Do you use alignment languages? Not as they are usually defined in D&D. So let's just say "No!" and be done with it.

XP for gold, or XP for objectives (thieves disarming traps, etc…)? I use B/X RAW for the open-table, so XP for gold and some for monsters overcome. I'd probably switch to "XP for money spent" for the "home game" I keep talking about. Sometimes I like "objectives" but they are so anti-sandbox. (I hate AD&D2 in this regard, so that's a total no-no. But I suffer through it for the game I play in.)

Which is the best edition; ODD, Holmes, Moldvay, Mentzer, Rules Cyclopedia, 1E ADD, 2E ADD, 3E ADD, 4E ADD, Next? I grew up on BECMI and really liked RC for a good long while. But that was because I never knew about B/X, it wasn't available in Germany when I got started. There's no question in my mind that B/X is the best overall package, period. I do like AD&D as well, but only Gary's and only in mild doses. So I guess what I am saying is I tend to like some of the AD&D classes (hence probably my fascination with this thing). AD&D2 is horrible, just horrible. I'd probably play AD&D3 if it's just the core three books, but I wouldn't touch 3.5 or 4. I have no real opinion on 5 yet. I like some mechanics and I appreciate that they rolled some nice options into character generation. But really it's B/X for me. OD&D and Holmes win special prices for being, well, special. But I don't play them.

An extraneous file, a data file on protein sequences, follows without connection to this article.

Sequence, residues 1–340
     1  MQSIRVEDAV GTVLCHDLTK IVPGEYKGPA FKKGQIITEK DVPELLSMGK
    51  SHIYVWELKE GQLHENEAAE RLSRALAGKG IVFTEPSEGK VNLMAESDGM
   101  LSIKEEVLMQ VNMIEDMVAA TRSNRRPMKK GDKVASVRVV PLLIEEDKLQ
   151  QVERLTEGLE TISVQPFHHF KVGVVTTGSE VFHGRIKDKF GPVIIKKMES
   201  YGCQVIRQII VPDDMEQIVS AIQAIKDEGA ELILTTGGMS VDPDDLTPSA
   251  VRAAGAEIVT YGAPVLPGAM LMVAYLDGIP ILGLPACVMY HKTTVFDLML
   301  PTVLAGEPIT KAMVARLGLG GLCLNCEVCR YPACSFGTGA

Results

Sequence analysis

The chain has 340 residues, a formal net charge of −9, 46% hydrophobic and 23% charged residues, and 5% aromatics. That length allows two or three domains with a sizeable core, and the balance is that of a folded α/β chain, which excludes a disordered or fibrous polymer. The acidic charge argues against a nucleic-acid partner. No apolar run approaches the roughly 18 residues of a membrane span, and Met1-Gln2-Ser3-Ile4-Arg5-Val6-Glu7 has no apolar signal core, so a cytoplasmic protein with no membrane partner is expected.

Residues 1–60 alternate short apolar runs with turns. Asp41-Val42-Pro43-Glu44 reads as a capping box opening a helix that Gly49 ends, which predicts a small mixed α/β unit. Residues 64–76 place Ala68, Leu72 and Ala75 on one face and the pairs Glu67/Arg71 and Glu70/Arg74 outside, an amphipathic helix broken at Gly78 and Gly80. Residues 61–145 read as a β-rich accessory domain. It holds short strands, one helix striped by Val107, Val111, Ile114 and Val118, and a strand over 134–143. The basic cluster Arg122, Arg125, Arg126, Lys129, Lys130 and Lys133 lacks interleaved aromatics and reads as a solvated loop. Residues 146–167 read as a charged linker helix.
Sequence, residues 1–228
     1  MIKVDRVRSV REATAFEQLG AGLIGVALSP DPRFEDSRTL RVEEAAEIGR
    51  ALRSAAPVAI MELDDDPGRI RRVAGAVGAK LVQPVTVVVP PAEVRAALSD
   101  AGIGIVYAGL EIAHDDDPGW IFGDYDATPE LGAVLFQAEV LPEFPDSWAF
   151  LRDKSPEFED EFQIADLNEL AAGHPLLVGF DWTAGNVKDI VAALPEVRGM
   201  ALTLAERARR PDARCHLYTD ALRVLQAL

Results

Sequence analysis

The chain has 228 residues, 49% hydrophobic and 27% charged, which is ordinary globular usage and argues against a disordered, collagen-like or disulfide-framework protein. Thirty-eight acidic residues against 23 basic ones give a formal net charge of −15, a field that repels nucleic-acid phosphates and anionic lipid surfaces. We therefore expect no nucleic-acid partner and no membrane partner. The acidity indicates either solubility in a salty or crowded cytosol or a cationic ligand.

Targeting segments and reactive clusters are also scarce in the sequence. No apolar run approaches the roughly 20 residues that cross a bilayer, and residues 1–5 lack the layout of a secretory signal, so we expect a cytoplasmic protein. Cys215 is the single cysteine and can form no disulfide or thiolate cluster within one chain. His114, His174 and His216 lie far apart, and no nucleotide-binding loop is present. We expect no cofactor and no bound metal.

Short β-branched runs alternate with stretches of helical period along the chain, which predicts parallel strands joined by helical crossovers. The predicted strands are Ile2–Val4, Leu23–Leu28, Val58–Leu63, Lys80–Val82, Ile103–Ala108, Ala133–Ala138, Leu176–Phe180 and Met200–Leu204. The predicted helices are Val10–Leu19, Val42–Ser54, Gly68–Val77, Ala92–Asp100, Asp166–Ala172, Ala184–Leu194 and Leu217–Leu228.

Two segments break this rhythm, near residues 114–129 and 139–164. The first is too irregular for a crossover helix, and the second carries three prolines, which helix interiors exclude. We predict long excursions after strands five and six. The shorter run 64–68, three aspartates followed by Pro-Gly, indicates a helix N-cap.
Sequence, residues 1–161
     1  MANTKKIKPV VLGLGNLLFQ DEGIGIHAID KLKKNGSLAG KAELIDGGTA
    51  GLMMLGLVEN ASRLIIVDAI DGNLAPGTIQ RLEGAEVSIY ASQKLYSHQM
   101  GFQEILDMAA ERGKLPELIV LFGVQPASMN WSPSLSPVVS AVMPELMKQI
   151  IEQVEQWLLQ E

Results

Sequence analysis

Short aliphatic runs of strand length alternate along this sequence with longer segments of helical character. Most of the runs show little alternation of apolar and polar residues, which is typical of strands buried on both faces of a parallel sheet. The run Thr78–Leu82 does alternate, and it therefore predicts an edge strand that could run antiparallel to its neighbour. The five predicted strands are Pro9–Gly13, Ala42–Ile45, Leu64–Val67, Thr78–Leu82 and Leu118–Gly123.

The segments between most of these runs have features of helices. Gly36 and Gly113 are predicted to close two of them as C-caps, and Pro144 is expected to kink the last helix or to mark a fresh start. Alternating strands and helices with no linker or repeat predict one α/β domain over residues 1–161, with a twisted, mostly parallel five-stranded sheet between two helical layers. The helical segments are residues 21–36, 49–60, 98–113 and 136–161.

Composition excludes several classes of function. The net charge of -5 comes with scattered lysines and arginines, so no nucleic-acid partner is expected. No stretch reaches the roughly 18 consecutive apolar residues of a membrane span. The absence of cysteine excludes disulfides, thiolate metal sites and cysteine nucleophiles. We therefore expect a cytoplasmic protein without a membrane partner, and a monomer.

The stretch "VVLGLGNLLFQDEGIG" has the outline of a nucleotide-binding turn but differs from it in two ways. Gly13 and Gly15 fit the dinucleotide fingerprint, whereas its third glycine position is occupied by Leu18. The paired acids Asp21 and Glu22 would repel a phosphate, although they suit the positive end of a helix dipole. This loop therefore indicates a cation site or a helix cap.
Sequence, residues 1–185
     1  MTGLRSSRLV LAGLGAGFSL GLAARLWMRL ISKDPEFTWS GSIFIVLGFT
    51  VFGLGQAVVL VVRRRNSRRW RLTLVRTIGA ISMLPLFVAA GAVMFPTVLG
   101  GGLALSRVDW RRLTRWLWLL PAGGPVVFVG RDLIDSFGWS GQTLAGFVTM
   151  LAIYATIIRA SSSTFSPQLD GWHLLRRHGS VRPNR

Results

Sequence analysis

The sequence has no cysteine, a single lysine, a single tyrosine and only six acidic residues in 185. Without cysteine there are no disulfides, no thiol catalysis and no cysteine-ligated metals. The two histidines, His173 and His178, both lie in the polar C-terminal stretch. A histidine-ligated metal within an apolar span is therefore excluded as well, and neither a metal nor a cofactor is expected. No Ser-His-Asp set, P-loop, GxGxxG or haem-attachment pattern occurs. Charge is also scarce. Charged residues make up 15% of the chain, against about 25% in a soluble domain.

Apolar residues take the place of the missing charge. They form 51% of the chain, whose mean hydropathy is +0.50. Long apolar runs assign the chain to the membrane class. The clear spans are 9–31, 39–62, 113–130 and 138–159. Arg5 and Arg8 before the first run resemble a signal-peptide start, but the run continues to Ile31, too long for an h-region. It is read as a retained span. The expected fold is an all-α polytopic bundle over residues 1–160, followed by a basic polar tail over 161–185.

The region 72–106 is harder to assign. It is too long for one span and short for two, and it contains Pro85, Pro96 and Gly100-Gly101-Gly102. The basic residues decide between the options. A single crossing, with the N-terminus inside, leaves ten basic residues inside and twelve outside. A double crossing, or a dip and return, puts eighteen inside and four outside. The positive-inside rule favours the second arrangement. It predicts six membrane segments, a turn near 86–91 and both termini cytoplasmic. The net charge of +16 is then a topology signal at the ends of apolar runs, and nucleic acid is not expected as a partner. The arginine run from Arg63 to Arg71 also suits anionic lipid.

Unified XP level tables or individual XP level tables for each class? This was Jeffro's bonus question. Again, depends on the game. In my "home game" I would use a unified XP table, the 2000/4000/8000/... Fighter table. Edit: Should have linked to this post.

And done?

Monday, April 6, 2015

Better be at least this paranoid!

So you've prepared the disk in a way suitable for your level of paranoia, now it's time to actually create the encrypted file system on it. Luckily that's an increasingly simple task, at least if you are using a moderately well-equipped kernel. If you didn't build your own, then it probably has everything you need already; if you did build your own, you should know how to fix things if something is missing. So we're good to continue.